No differences were apparent between male and female surgical residents in terms of the proportions who choose to pursue research during residency, the type of research they choose to engage in, or productivity. Although twice as many male as female residents had children, parenthood per se was not a factor in whether residents choose research. Women are significantly more likely than men to cite seeking a break from residency as a rationale for research. Since having children during residency and postponing family plans has been found to be significant concerns of female surgical residents, one might anticipate that women would desire completion of surgical training without additional time being taken for research. This runs counter to our finding in this study that taking a research period to get a break from residency was a prominent rationale for female residents. Program directors should be aware of this dichotomy, as it may contribute to even greater stress among female residents. The finding that lack of interest in research is a significantly more influential factor among women than men in the decision not to pursue research may reflect women's perception of a "glass ceiling" in academic medicine.
Most surgical residents in New England plan or perform some research and publish their work. Primary among their reasons for doing so is an intellectual interest in research. Results of the current study confirm the conventional wisdom that residents who choose to do research while in clinical training intend to pursue academic careers; in addition, they believe that research experience in training provides them an advantage in obtaining fellowships.
Significant differences in the type and duration of research exist between larger and smaller programs, and may reflect differing priorities among residents, as well as differences in the extent of research opportunities available to them. Further study is needed to determine whether resident aspirations for an academic career are borne out in the acquisition of fellowships, continued research productivity, and faculty appointment.
This study was supported in part by a grant from the Harvard Medical School and Beth Israel Deaconess Mount Auburn Institute for Education and Research, Boston, Mass (Drs Stewart and Stone and Ms Doyle).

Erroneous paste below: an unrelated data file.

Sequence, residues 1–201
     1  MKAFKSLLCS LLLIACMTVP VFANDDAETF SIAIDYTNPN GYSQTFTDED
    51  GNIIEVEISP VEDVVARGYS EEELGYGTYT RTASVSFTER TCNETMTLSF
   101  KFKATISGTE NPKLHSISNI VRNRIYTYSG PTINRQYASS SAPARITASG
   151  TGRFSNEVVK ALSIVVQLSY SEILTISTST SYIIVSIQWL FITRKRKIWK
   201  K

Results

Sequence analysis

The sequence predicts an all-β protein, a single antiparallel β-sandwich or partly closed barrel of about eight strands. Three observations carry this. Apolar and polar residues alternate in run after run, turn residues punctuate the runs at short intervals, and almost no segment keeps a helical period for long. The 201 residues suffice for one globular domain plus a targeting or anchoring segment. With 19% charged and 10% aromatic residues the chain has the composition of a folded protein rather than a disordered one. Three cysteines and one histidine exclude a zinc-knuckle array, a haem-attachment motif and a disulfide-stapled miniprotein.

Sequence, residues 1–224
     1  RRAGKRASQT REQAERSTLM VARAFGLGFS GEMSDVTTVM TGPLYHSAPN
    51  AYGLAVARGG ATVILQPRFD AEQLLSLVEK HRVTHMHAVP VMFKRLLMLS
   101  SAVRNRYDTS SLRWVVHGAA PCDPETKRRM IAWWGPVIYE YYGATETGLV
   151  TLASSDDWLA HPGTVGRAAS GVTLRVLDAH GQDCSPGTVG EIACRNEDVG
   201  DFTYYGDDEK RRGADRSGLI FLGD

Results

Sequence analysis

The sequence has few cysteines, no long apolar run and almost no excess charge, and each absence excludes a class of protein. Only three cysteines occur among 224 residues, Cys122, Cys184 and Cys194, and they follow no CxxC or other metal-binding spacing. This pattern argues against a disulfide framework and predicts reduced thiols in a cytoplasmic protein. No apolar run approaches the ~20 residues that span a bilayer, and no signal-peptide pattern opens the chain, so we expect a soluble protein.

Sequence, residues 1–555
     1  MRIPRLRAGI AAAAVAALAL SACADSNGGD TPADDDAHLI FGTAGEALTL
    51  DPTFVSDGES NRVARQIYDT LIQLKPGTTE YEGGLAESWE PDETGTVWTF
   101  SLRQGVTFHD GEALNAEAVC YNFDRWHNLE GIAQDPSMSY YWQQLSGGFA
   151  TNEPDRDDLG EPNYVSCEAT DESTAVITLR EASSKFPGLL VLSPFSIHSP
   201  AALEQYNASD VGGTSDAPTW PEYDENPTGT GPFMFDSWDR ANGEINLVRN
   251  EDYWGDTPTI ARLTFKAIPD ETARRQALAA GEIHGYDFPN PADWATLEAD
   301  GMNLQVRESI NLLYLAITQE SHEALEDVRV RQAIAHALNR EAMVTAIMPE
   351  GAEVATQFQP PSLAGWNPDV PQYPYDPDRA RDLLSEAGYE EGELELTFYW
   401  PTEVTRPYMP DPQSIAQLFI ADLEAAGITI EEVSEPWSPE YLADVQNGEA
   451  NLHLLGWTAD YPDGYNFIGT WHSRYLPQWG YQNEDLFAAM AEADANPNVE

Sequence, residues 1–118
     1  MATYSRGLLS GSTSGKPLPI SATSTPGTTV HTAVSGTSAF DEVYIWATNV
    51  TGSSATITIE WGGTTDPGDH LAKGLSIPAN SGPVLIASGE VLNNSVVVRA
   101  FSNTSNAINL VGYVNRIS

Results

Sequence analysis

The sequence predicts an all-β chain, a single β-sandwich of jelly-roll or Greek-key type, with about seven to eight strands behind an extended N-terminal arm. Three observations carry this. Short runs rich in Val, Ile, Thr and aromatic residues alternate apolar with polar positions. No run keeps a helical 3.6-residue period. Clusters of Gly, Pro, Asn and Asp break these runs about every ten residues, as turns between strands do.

Presented at the 80th Annual Meeting of the New England Surgical Society, Newport, RI, September 25, 1999.
Corresponding author: Michael D. Stone, MD, Department of Surgery, Harvard Medical School and the Beth Israel Deaconess Medical Center, 110 Francis St, Suite 3A, Boston, MA 02215 (e-mail: firstname.lastname@example.org).
John A. Mannick, MD, Boston, Mass: Dr Stewart and his associates have done a real New England survey of the participation of surgical residents in research. They were fortunate to receive the cooperation of almost all of the surgical residency programs in our area. The response from the residents they pooled was absolutely outstanding—about 80% of them responded. This in itself is a real accomplishment, considering the harried life most residents lead.
The investigators divided the residencies, as you have seen, into 2 categories: those with more than 25 residents and those with fewer than 25 residents. They found that the participation in research during residency was greater in the larger programs, which is perhaps not surprising, although the percentages were not vastly different: 65% participated in the larger programs and 45% in the smaller programs. What was notably different was the period spent in research, with the majority of residents in the larger programs planning to spend 2 years or more in research and only 4% of those in the smaller programs planning such a long time in the laboratory or in clinical research. Residents from smaller programs were also much more likely to be involved in clinical research only. The longer time spent in research by residents from the larger programs was also reflected in a greater number of publications per resident in these programs.